Yes they are, but not all jobs are equal. The United Food and Commercial Workers union in the USA has worked out that for every two low-wage jobs created at a Wal-Mart store, three jobs are lost in local businesses.
Over here the British Retail Forum has calculated that every Asda supermarket opening means the loss of 276 jobs on average.
Really, really positive, don’t you think?
And don’t get me started on bananas.
Well, alright then.
According to War on Want’s alternative company report for Wal-Mart/Asda, the company instituted a price-cutting strategy for bananas in 2002 which resulted in prices dropping by 25 per cent across the board.
To produce bananas at that price means employing the worst labour and environmental conditions in the world. Independent growers in countries such as Costa Rica, where there is protection for workers and the environment, can no longer sell to Asda or other British supermarkets without making a loss, says War on Want.
All the above information is available from War on Want at www.waronwant.org and, having read their report, I’m really struggling to find exactly what it is that is ‘positive’ about the arrival of Asda in Pwllheli.
Perhaps the burghers of Gwynedd can explain.
CAN anyone explain to me what the blimminy-flip is going on with Plaid Cymru?
It seems to be going through the political equivalent of a middle-aged crisis with this rebranding.
The new emblem means that now, apparently, Plaid is not in favour of dragons, but it’s all for daffs drawn with a Spirograph.
Do you know they’ve even got a sonic logo? A sonic logo for God’s sake.
Other people might call it a jingle and think that it is beneath a party to waste brainpower devising such fatuous nonsense.
There are people living in Wales in abject poverty and they devote their time to a sonic logo.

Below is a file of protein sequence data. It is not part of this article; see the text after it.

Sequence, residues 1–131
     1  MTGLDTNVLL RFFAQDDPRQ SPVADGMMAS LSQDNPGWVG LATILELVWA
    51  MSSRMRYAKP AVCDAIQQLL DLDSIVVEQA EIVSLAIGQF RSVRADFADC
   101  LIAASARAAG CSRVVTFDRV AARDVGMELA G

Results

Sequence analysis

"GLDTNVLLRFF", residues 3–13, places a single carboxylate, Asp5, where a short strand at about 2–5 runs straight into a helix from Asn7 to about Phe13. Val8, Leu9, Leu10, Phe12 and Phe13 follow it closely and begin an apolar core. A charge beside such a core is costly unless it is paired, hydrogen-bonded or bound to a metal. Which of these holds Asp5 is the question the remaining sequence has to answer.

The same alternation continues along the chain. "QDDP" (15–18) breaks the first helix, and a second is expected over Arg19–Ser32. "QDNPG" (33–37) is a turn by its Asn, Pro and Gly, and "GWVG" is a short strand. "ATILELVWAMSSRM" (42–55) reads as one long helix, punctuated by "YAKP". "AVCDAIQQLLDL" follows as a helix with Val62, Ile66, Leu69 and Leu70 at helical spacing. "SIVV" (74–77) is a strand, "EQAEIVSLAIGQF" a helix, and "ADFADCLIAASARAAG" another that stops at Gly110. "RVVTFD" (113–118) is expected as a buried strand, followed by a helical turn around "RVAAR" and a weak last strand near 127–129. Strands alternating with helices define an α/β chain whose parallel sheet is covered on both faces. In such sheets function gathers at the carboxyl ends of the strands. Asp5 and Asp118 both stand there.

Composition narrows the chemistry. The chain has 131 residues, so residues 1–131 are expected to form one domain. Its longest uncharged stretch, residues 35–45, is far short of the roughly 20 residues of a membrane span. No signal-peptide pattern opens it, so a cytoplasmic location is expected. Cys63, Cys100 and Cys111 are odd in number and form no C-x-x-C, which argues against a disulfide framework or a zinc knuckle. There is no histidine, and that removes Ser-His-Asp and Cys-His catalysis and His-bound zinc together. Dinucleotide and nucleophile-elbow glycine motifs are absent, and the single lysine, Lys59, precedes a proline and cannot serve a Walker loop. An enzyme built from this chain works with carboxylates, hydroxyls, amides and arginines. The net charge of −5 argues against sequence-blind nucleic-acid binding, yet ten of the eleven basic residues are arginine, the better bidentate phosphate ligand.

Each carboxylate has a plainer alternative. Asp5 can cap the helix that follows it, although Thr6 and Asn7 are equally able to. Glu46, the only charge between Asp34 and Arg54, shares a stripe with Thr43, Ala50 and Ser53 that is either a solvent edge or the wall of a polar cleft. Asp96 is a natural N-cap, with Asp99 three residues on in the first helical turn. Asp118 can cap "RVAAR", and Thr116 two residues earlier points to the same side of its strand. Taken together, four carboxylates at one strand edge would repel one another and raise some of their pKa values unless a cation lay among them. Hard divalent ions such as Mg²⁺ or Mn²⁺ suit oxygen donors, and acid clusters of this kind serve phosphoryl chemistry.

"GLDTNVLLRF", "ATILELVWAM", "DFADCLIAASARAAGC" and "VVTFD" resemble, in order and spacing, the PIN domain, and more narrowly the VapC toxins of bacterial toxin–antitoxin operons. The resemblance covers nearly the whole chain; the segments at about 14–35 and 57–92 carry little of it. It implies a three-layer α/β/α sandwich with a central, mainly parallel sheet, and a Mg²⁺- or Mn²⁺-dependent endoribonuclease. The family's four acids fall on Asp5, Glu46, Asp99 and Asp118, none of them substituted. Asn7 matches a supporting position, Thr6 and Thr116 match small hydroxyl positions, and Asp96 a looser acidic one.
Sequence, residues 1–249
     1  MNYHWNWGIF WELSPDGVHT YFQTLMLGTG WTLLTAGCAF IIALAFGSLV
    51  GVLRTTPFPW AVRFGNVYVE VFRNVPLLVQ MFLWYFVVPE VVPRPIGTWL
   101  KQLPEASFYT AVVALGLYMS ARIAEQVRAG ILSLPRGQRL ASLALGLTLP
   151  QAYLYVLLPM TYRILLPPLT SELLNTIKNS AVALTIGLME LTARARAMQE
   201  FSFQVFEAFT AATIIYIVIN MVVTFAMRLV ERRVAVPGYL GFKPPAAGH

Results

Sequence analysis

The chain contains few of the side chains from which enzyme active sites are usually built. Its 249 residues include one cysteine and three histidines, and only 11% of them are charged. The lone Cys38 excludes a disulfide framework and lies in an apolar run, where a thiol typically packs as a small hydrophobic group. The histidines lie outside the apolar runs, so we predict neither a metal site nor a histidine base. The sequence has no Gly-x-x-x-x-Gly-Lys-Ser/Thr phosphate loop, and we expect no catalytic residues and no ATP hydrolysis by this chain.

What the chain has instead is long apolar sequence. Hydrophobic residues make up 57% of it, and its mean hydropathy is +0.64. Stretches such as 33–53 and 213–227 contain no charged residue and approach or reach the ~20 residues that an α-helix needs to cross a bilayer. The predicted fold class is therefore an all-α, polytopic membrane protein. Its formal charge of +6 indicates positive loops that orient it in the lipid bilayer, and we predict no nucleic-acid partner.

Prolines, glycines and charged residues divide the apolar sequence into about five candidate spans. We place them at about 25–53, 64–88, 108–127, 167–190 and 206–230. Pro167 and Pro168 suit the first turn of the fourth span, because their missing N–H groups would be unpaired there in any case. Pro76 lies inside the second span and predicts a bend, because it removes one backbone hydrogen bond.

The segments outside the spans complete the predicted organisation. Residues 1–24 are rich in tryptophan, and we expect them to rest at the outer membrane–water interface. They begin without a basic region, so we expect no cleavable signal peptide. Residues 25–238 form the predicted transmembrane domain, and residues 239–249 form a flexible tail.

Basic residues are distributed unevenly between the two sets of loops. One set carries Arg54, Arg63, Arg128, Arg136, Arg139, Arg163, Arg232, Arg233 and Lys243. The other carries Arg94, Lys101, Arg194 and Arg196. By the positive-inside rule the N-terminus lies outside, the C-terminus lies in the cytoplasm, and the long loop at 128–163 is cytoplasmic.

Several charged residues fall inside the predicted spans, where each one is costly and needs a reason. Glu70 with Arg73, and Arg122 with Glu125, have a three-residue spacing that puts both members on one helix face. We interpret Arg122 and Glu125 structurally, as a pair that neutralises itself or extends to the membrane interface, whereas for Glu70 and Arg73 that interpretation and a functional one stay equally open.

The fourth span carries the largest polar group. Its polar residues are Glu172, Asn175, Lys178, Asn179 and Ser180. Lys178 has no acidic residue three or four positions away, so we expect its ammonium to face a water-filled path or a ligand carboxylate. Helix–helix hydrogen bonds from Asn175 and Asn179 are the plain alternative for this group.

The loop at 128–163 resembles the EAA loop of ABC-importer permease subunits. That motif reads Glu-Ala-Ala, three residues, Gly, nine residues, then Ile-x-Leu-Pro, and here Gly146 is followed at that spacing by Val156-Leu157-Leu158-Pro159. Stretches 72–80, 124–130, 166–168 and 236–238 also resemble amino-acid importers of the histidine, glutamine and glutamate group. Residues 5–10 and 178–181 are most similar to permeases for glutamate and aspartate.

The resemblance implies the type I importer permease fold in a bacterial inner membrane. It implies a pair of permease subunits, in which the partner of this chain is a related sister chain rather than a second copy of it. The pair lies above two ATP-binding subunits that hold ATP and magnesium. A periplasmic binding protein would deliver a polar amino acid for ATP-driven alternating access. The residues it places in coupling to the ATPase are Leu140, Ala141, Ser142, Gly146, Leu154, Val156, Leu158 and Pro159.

That will get them flocking to the polling booths every time.
We’re told that party members will be able to download the sonic logo, which is a sort of harp-like trill, to use on their mobile phones.
Fantastic, they’ve managed to combine two of the most annoying aspects of modern life – muzak and mobile phones – and make it their unique selling point. What masterbrain is behind this electoral strategy?
Just when is the Labour party going to call this mole in from the cold after he has wreaked havoc with whatever electoral hopes Plaid had?
And now we also have the return of Dafydd Wigley, and some might say not entirely before time, given the above rebranding.
But, if he’s successful, isn’t that going to mean a plethora of past and present leaders washing about Cardiff Bay, what with Dafydd El presiding, Ieuan Wyn Jones at the Assembly helm and Dafydd Iwan leading whichever bit of the party he’s going to lead now.
Perhaps that’s their new rebranded version of democracy, everyone leading their own little bit. And the Lib Dems thought they had a leadership crisis.
PS, I'm told it's a Welsh poppy, not a daff, in which case they do not know what a Welsh poppy looks like. Time to get the Etch-a-Sketch back out methinks.